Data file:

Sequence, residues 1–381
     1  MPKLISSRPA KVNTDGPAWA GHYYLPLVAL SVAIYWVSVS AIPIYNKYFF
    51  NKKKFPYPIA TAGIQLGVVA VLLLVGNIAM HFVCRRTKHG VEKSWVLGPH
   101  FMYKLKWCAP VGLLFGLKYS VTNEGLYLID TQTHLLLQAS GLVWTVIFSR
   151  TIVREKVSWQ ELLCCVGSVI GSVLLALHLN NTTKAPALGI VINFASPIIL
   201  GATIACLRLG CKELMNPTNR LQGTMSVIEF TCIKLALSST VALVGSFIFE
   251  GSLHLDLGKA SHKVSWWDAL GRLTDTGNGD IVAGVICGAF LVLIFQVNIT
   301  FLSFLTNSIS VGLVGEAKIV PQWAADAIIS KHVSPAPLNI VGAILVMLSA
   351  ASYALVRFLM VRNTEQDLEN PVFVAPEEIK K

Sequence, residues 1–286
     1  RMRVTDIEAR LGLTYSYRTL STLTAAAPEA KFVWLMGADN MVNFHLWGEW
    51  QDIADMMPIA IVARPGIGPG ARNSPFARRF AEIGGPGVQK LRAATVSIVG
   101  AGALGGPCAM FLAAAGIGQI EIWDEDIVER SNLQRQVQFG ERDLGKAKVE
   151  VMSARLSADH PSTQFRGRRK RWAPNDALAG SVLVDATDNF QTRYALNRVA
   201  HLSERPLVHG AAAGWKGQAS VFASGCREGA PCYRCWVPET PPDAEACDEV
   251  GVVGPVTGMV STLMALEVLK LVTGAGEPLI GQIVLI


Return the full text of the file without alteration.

Sequence, residues 1–381
     1  MPKLISSRPA KVNTDGPAWA GHYYLPLVAL SVAIYWVSVS AIPIYNKYFF
    51  NKKKFPYPIA TAGIQLGVVA VLLLVGNIAM HFVCRRTKHG VEKSWVLGPH
   101  FMYKLKWCAP VGLLFGLKYS VTNEGLYLID TQTHLLLQAS GLVWTVIFSR
   151  TIVREKVSWQ ELLCCVGSVI GSVLLALHLN NTTKAPALGI VINFASPIIL
   201  GATIACLRLG CKELMNPTNR LQGTMSVIEF TCIKLALSST VALVGSFIFE
   251  GSLHLDLGKA SHKVSWWDAL GRLTDTGNGD IVAGVICGAF LVLIFQVNIT
   301  FLSFLTNSIS VGLVGEAKIV PQWAADAIIS KHVSPAPLNI VGAILVMLSA
   351  ASYALVRFLM VRNTEQDLEN PVFVAPEEIK K

Sequence, residues 1–286
     1  RMRVTDIEAR LGLTYSYRTL STLTAAAPEA KFVWLMGADN MVNFHLWGEW
    51  QDIADMMPIA IVARPGIGPG ARNSPFARRF AEIGGPGVQK LRAATVSIVG
   101  AGALGGPCAM FLAAAGIGQI EIWDEDIVER SNLQRQVQFG ERDLGKAKVE
   151  VMSARLSADH PSTQFRGRRK RWAPNDALAG SVLVDATDNF QTRYALNRVA
   201  HLSERPLVHG AAAGWKGQAS VFASGCREGA PCYRCWVPET PPDAEACDEV
   251  GVVGPVTGMV STLMALEVLK LVTGAGEPLI GQIVLI